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Upper-Extremity Phocomelia Reexamined: A Longitudinal Dysplasia
Charles A. Goldfarb, MD1; Paul R. Manske, MD1; Riccardo Busa, MD2; Janith Mills, MPAS, PAC2; Peter Carter, MD2; Marybeth Ezaki, MD2
1 Department of Orthopaedic Surgery, Washington University School of Medicine, 660 South Euclid Avenue, Campus Box 8233, St. Louis, MO 63110. E-mail address for C.A. Goldfarb: goldfarbc@wustl.edu
2 Texas Scottish Rite Hospital for Children, 2222 Welborn Street, Dallas, TX 758219-3993
View Disclosures and Other Information
The authors did not receive grants or outside funding in support of their research or preparation of this manuscript. They did not receive payments or other benefits or a commitment or agreement to provide such benefits from a commercial entity. No commercial entity paid or directed, or agreed to pay or direct, any benefits to any research fund, foundation, educational institution, or other charitable or nonprofit organization with which the authors are affiliated or associated.
Investigation performed at Texas Scottish Rite Hospital, Dallas, Texas, and Shriners Hospital for Children, St. Louis, Missouri

The Journal of Bone and Joint Surgery, Incorporated
J Bone Joint Surg Am, 2005 Dec 01;87(12):2639-2648. doi: 10.2106/JBJS.D.02011
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Background: In contrast to longitudinal deficiencies, phocomelia is considered a transverse, intercalated segmental dysplasia. Most patients demonstrate severe, but not otherwise classifiable, upper-extremity deformities, which usually cannot be placed into one of three previously described phocomelia groups. Additionally, these phocomelic extremities do not demonstrate true segmental deficits; the limb is also abnormal proximal and distal to the segmental defect. The purpose of this investigation was to present evidence that upper-extremity abnormalities in patients previously diagnosed as having phocomelia in fact represent a proximal continuum of radial or ulnar longitudinal dysplasia.

Methods: The charts and radiographs of forty-one patients (sixty extremities) diagnosed as having upper-extremity phocomelia were reviewed retrospectively. On the basis of the findings on the radiographs, the disorders were categorized into three groups: (1) proximal radial longitudinal dysplasia, which was characterized by an absent proximal part of the humerus, a nearly normal distal part of the humerus, a completely absent radius, and a radial-sided hand dysplasia; (2) proximal ulnar longitudinal dysplasia, characterized by a short one-bone upper extremity that bifurcated distally and by severe hand abnormalities compatible with ulnar dysplasia; and (3) severe combined dysplasia, with type A characterized by an absence of the forearm segment (i.e., the radius and ulna) and type B characterized by absence of the arm and forearm (i.e., the hand attached to the thorax).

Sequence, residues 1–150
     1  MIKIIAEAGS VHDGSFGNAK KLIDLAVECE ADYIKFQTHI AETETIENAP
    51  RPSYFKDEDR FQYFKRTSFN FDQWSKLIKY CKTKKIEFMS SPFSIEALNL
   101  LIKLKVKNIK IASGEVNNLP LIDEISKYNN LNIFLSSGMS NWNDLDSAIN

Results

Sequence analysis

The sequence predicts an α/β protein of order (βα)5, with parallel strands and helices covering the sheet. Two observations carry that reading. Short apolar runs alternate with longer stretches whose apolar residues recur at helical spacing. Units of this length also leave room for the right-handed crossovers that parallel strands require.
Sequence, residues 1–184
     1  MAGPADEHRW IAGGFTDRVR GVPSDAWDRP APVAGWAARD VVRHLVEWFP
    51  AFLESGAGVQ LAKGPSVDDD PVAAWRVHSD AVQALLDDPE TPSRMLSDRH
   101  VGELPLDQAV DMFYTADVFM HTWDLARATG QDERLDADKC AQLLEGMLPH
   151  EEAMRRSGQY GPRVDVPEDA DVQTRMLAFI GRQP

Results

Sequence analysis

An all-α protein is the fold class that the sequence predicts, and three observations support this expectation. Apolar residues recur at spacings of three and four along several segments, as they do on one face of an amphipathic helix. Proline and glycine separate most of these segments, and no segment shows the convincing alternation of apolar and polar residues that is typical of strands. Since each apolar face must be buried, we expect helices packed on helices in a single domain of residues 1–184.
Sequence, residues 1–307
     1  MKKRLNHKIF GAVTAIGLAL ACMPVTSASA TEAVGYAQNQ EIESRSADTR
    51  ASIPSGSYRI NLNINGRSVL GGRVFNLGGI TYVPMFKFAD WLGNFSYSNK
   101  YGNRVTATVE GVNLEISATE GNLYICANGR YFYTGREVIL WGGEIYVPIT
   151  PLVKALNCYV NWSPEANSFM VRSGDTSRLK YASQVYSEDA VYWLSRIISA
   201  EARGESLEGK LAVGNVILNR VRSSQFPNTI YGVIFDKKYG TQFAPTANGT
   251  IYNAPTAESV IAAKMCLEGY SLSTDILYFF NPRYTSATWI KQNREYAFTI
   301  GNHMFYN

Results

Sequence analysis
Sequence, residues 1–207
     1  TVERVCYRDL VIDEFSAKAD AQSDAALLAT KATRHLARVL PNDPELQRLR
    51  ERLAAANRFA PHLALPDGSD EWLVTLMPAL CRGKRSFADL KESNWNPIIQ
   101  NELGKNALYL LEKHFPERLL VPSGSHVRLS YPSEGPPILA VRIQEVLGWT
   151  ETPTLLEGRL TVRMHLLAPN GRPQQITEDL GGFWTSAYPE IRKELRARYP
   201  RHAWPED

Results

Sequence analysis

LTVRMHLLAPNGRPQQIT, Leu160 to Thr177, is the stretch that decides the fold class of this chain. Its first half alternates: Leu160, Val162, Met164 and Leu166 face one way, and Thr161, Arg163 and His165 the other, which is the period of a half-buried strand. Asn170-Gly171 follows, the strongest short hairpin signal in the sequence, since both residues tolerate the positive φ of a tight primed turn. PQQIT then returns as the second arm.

Results: Twenty-nine limbs in sixteen patients could be classified as having proximal radial longitudinal dysplasia. Systemic medical conditions such as thrombocytopenia-absent radius syndrome were common in those patients, but additional musculoskeletal conditions were rare. Twenty limbs in seventeen patients could be classified as having proximal ulnar longitudinal dysplasia. Associated musculoskeletal abnormalities, such as proximal femoral focal deficiency, were common in those patients. Eleven limbs in ten patients were identified as having severe combined dysplasia, which was type A in seven of them and type B in four. Four patients with severe combined dysplasia had congenital cardiac anomalies, and four had associated musculoskeletal abnormalities. Three of the four patients with the type-B disorder had a contralateral ulnar longitudinal dysplasia.

Conclusions: We propose that cases previously classified as upper-extremity phocomelia represent a spectrum of severe longitudinal dysplasia, as none of the sixty extremities that we studied demonstrated a true intercalary deficiency. These findings have both developmental and genetic implications.

Level of Evidence: Diagnostic Level II. See Instructions to Authors for a complete description of levels of evidence.

Figures in this Article


    dysplasia ; phocomelia ; arm
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    These activities have been planned and implemented in accordance with the Essential Areas and policies of the Accreditation Council for Continuing Medical Education (ACCME) through the joint sponsorship of the American Academy of Orthopaedic Surgeons and The Journal of Bone and Joint Surgery, Inc. The American Academy of Orthopaedic Surgeons is accredited by the ACCME to provide continuing medical education for physicians.
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